It struck relevance and utility and beauty by making trends work for us instead of us working for trends. Models of all ages wore the unisex, unisize clothes to make the point. Let’s applaud Rodricks. Also for the release of the Indian Women’s Standard Size Chart that accompanied the first showing of the Fernandes-Rodricks showing. “The figures stated are body measurements and the industry is encouraged to add seam allowances depending on the style and fit desired,” said the press release as LFW and Rodricks await industry feedback.

  1. Karishma Shahani’s collection for her label Ka-Sha showed Navya her current collection. Beautifully layered and proportioned ensembles, Shahani’s signature style walked by, some enamouring, others too cluttered. The winsome moment was the last bit when Shahani walked out with her child strapped to her body in a baby sling with fabric and patterns from the collections to take a bow, even as two other young mothers wearing their babies and large smiles walked alongside with models. Great, warm touch: young mothers at work. Totally in fashion.
  2. Ujjawal Dubey, who debuted barely four seasons back right here at LFW is, with every show, becoming a label of heft. The young designer is saying something we should heed to, his menswear is clean, it may be a bit ponderous and is always in shades of brooding black and dark tones is appealing. What I loved best about the show was how every time two models crossed each other on the ramp, they physically brushed past each other. It was thoughtful and mild, an “I make space for you and you for me” message (the world is a crowded place after all), not a head on collision.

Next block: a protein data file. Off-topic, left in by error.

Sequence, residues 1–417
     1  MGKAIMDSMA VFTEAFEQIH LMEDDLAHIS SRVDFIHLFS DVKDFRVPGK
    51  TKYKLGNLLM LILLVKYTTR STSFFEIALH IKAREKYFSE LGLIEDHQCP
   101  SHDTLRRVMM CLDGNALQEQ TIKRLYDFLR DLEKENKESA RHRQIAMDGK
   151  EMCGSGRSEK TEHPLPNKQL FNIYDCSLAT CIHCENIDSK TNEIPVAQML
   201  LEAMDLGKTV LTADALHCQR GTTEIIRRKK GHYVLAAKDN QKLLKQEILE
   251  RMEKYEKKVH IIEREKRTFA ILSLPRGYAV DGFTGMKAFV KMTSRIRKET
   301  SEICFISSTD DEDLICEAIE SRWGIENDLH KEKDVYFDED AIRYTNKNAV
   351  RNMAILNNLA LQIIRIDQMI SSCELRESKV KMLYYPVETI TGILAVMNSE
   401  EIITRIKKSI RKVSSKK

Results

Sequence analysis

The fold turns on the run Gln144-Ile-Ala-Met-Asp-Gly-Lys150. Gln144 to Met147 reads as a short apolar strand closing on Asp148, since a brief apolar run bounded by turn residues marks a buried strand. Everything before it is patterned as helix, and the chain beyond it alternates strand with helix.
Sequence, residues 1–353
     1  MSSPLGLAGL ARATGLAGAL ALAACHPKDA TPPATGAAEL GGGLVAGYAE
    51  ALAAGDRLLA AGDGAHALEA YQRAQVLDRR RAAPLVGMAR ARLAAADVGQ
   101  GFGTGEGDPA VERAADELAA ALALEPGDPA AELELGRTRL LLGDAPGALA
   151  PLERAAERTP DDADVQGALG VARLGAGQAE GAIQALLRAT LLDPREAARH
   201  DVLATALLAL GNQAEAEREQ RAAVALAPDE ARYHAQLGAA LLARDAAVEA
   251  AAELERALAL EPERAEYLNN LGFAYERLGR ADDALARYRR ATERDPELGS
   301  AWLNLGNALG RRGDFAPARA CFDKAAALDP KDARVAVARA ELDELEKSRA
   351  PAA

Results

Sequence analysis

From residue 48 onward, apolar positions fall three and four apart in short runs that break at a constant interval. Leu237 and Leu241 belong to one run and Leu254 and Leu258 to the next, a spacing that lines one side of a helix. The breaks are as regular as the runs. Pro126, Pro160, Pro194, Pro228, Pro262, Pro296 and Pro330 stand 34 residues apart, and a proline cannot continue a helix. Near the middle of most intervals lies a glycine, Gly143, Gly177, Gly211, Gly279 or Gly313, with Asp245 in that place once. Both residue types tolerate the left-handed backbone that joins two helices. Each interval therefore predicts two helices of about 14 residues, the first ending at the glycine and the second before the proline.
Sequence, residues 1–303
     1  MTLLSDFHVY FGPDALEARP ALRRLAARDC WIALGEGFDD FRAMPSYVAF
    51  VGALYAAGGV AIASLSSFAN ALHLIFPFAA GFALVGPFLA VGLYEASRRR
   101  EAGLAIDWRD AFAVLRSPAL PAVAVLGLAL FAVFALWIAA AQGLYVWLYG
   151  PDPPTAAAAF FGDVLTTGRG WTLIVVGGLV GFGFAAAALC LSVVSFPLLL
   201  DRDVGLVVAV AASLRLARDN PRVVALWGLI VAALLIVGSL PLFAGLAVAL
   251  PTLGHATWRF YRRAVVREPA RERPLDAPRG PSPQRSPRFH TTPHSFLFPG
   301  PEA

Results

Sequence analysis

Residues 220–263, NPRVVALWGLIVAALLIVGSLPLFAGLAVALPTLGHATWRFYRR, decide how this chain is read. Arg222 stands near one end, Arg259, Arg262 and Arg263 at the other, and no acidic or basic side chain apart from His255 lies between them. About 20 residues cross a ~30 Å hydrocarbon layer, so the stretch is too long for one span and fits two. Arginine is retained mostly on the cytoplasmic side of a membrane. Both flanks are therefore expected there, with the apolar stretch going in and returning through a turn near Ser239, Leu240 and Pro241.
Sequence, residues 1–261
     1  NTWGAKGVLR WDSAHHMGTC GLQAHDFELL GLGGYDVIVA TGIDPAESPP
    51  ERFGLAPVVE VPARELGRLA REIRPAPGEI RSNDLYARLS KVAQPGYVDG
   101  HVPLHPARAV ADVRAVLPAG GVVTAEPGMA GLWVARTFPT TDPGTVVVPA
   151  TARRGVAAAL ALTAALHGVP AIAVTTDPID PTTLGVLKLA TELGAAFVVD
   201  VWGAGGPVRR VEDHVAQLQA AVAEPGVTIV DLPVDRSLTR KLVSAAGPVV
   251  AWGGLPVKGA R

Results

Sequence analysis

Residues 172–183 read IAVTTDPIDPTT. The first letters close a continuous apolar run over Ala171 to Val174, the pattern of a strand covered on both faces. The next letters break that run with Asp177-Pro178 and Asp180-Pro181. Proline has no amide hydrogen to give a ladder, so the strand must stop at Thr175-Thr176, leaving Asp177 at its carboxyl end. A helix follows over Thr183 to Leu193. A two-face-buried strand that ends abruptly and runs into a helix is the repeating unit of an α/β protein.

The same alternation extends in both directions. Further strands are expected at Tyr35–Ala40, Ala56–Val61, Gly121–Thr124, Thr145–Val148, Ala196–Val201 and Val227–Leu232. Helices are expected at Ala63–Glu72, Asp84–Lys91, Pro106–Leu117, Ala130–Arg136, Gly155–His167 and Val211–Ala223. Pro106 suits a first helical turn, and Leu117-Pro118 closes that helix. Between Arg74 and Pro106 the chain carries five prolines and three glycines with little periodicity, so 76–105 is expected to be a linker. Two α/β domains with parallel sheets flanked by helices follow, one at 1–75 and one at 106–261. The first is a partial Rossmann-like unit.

3. The much-awaited GenNext show mentored by fashion and business expert Sabina Chopra had some very good pieces and a couple of collections that came together to make a cohesive point. I didn’t get gooseflesh but the fashion potential was clearly visible. Abhishek Paatni, Anupreet Sidhu, Diming Rubu, Gaurav Khanijo, Paridhi Jaipuria and Vaibhav Singh as debutants flashed a few points. One: the days of clingy bling are over and out. Boots are in, for men and women. Fashion is relaxed and unhurried, full of loose shapes. Youth is not about flashing skin, it’s about toned down rebellion. My top favourite: Diming Rubu.
  4. The Grazia Young Fashion Awards show, where the magazine awards a clutch of deserving designers every year and then brings a capsule collection by each of them on the ramp was a good one. Well-curated fashion, saucy accessories, absence of attention seeking design, youthful insouciance. Thumbs up.
  5. Note of concern: Nimish Shah put out a tightly-edited collection for his label Shift. The flat footwear that looked “wearable and efficient” from a distance soon became Distraction Number 1. The soles was slippery and obviously without grip, the flat sandals fitted the models poorly as they kept minding their walk and holding their toes tight so as not to go flying on the ramp.


Lesson for us: The shoe world is not flat.